Future Models - Holden 2010 Commodore
Holden’s 2020 vision
Rear admirable: Australia’s top-selling car for the past 13 years will continue to be developed with its current architecture for at least another decade.
Rear-drive Holden Commodore set to continue with new technology, smaller body
31 March 2009
AUSTRALIANS will still be able to buy a traditional rear-wheel-drive Holden Commodore for at least the next decade, even though the General is turning to small-car production to survive as a local manufacturer.
Holden is already working on development of the next-generation Commodore, which is due in around 2013 and would be scheduled to run until at least 2020.
And the good news for enthusiasts is that it will again utilise the Zeta rear-drive platform developed at great cost for the current VE, which was launched less than three years ago in 2006.
The 2013 Commodore may be slightly smaller than VE, and almost certainly lighter, with a range of different engine options and new technology designed to make it more environmentally sound, including idle-stop and turbocharged four-cylinder and six-cylinder engines.
GM product chief Bob Lutz has said that, despite global economy mandates forcing GM to cancel programs in other countries, the rear-wheel-drive Commodore production will continue in Australia, including “the next-generation version”.
In the meantime, the VE Series II is set to arrive in early 2010 with significant new technologies.
Holden has already confirmed that all its engines will be E85 ethanol-compatible by 2010 and is also set to introduce a dedicated LPG Commodore with breakthrough liquid-injection technology that promises petrol-matching power and economy.
Left: Cadillac's direct-injection 3.0-litre V6.
Direct-injection is also on the cards for the standard 3.6-litre V6 petrol engine, which could improve both power and economy.
GM already produces a direct-injection version of this engine for Cadillac, which produces 225kW compared with the Commodore’s current 195kW, as well as an E85-compatible 3.0-litre version that matches the current Commodore V6 for power but has better economy.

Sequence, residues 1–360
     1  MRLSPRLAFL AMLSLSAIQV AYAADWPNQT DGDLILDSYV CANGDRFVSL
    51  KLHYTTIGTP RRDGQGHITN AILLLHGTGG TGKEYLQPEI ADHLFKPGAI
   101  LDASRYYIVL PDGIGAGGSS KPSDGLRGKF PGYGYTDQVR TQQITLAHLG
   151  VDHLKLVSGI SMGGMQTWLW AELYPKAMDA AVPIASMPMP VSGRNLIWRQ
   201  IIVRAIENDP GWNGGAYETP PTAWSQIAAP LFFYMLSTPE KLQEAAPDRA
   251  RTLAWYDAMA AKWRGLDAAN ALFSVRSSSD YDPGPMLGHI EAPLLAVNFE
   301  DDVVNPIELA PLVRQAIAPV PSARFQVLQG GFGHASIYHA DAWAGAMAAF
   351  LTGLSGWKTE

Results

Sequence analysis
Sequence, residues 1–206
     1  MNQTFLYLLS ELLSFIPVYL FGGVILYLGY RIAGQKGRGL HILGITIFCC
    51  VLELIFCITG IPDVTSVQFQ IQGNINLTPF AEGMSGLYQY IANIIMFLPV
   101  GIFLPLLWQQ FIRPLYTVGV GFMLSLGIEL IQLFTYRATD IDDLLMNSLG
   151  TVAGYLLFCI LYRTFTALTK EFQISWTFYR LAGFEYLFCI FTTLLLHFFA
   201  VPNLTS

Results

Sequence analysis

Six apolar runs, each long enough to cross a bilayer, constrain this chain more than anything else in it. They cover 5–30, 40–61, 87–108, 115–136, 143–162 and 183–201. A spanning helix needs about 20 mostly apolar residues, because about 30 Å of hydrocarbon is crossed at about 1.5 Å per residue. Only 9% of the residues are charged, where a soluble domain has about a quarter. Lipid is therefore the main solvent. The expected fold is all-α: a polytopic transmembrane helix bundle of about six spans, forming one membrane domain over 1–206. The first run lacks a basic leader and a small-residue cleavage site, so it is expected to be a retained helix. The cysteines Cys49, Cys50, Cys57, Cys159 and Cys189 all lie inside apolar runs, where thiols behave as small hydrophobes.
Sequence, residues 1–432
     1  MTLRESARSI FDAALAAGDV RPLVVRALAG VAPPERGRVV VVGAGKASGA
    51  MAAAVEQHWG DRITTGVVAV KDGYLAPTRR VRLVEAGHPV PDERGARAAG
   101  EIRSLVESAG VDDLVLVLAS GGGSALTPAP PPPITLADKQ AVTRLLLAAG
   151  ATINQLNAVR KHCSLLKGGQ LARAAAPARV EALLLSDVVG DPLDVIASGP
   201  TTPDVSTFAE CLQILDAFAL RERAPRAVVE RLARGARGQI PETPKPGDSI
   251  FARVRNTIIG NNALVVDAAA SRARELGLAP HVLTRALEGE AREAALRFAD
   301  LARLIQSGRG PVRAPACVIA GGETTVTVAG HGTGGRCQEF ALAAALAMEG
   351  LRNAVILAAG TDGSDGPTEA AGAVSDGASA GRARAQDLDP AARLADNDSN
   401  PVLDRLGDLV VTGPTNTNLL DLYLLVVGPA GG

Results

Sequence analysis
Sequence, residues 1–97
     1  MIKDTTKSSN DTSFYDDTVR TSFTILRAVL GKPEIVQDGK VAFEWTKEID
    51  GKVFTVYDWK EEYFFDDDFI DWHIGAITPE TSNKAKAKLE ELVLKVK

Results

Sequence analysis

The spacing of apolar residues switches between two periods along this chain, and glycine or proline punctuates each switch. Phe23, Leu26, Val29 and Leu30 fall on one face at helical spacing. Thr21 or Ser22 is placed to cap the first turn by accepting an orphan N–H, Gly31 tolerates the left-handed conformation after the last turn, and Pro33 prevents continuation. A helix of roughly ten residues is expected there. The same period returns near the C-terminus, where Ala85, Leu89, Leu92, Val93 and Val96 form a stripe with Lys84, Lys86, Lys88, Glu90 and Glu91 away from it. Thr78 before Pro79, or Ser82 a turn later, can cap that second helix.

The search for efficiency will also ultimately lead to Holden offering smaller turbocharged engines some time in the future. It already builds a 2.8-litre turbocharged V6 engine for Saab, and is understood to be testing a 2.0-litre four-cylinder turbo in a VE Commodore.
These programs could be at the expense of the expected hybrid and diesel-powered Commodore variants.
GM Holden managing director and chairman Mark Reuss has confirmed that the Commodore has a long-term future and work continues on the next-generation model.
Mr Reuss also said that a rear-drive platform is important for the Commodore, which has been Australia’s top-selling car for the past 13 years.
“The rear-wheel drive platform is sort of what Holden has been known for here and we expect that to continue,” said Mr Reuss.
“There’s still a great market for it here … so, as long as our customers keep telling us they want to buy our car, we’ll produce it.
“(A rear-drive platform) is something we’ve invested in already and it’s something I think we can just continue to refine and improve and bring it to different levels of efficiency. That’s what we’re focusing on.”
Former GM Holden director and product planning chief Ian McCleave, in an interview with Wheels magazine, has also pointed to a likely refinement of the existing platform and a downscaling to reduce weight.
“With Commodore, there is opportunity to trim the car down, take some width and mass out … without losing the packaging efficiency and attributes that rear-wheel drive brings, which is handling, ride and styling proportions,” said Mr McCleave.
Mr McCleave said he could see the large and medium segment cars morphing, with the only distinction being front-wheel drive and rear-wheel drive. Ford is already blurring the edges with its similar-looking Falcon and Mondeo.
Although Holden’s embattled parent company has been forced to retreat from new global RWD large cars due largely to increasingly severe fuel economy and emissions standards, reports from the US suggest that the Zeta platform is safe there until at least 2016, with the Australian-developed Camaro likely to run to 2020.
GM engineers are said to be working on weight reduction and efficiency improvements, such as better aero and a standard six-speed automatic transmission, on all Zeta-based vehicles to keep the platform viable.
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